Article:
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Becky, HBAC

Nothing about either of my pregnancies or births can be considered boring. Although, my first experience with pregnancy and birth can be, in today’s birth culture, considered routine. I had every prenatal test imaginable from the pap to the amniocentesis. Some numbers on some tests came back normal, some indicated there may or may not be something brewing inside my belly, but of course only further, more invasive testing would tell us for sure. After forty weeks of guessing what may or may not be wrong, my first daughter was born after a chemical induction, followed by an artificial rupture of my membranes, followed by an epidural, followed by a drop in heart rate/missing heart rate that lead to the big cut (c-section). Tada…your baby is here at 5:00 P.M and your doc is going to make it home in time for dinner. And of course, my daughter, besides being stoned out of her head, was perfectly healthy. Still is four years later. My first story, unfortunately, is a story that many women listen to and shake their head telling me things like, “yup, that happened to me,” or “you know, I wondered why they did that at the time too.”

BUT, my second birth story is all my own from start to finish and I wouldn’t change a day of it. After three years of researching exactly what went so wrong with my first experience that I was the one in three that had the c-section, and about ten months before we were due to move back to the United States from Italy (we are Navy), a delightfully dirty sentence uttered by my husband in the heat of the moment would have the condom left in the box in the closet and wam bam baby number two was on the way.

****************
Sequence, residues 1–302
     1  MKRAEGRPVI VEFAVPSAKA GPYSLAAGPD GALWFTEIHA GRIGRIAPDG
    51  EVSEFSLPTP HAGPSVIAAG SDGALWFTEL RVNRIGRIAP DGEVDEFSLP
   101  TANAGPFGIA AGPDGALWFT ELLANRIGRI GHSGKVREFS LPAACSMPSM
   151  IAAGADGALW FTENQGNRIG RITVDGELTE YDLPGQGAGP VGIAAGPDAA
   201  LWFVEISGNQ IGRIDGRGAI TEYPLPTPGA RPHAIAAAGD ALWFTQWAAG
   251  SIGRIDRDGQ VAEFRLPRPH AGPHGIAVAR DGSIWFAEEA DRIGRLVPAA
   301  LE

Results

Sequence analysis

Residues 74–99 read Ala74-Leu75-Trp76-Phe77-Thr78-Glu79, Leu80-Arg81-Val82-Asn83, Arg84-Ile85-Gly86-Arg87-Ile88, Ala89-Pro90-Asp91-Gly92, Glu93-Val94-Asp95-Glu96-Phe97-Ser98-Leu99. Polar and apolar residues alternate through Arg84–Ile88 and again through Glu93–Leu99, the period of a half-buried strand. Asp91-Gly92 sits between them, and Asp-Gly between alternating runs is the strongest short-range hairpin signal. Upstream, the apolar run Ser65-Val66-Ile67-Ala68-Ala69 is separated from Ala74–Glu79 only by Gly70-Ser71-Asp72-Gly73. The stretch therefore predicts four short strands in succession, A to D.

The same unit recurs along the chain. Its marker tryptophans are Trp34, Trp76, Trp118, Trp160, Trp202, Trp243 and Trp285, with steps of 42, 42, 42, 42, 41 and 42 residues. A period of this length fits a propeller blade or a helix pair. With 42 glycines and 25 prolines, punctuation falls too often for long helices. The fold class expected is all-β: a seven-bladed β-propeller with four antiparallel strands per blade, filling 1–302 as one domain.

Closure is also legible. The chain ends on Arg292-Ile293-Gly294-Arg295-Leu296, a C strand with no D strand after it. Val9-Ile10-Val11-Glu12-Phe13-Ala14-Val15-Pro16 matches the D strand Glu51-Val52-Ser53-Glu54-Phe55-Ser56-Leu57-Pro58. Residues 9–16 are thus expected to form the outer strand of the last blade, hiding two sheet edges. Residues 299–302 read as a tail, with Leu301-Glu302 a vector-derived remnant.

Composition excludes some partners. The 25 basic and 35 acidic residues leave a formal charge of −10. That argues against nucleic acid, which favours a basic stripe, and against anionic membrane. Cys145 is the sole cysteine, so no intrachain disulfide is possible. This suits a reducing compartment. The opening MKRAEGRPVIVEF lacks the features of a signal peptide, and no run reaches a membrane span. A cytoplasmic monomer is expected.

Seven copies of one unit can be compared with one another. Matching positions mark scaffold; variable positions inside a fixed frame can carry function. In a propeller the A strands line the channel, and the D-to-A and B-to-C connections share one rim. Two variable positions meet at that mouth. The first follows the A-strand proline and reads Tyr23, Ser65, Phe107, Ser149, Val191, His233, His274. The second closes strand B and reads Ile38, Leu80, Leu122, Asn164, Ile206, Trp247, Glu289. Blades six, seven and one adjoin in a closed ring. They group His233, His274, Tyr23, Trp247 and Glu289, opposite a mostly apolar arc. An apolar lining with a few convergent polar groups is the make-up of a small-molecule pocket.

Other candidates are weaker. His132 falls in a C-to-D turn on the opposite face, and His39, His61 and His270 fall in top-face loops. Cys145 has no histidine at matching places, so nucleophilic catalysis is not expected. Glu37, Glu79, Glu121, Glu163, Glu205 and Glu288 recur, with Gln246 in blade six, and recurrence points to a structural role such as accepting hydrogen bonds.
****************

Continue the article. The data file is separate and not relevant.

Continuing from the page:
We went into planning overload trying to figure out if we could travel to Germany, (Army VBAC friendly hospital) for the birth or if we could get back to the states early enough for baby’s arrival. Two months into my pregnancy we had to do an abrupt about face when my husband was accepted to Legalman Ascension School and his class date was then changed to boot meaning we would be back in the states early. However, he would be in Rhode Island for the last three months of my pregnancy and I would be in Virginia. Literally, my husband was due to graduate the week I was due to deliver.

I knew that truly VBAC friendly stateside hospitals are few and far between. Also, I knew in my heart that I couldn’t stomach another birth consisting of me being hooked up to monitors with tubes coming out of places I prefer only my family to see. There were also the questions of who would watch my daughter and what if my husband was not allowed to leave school for baby two’s birth as we would be far away from our families and I really couldn’t see myself with many people around me at birth anyway.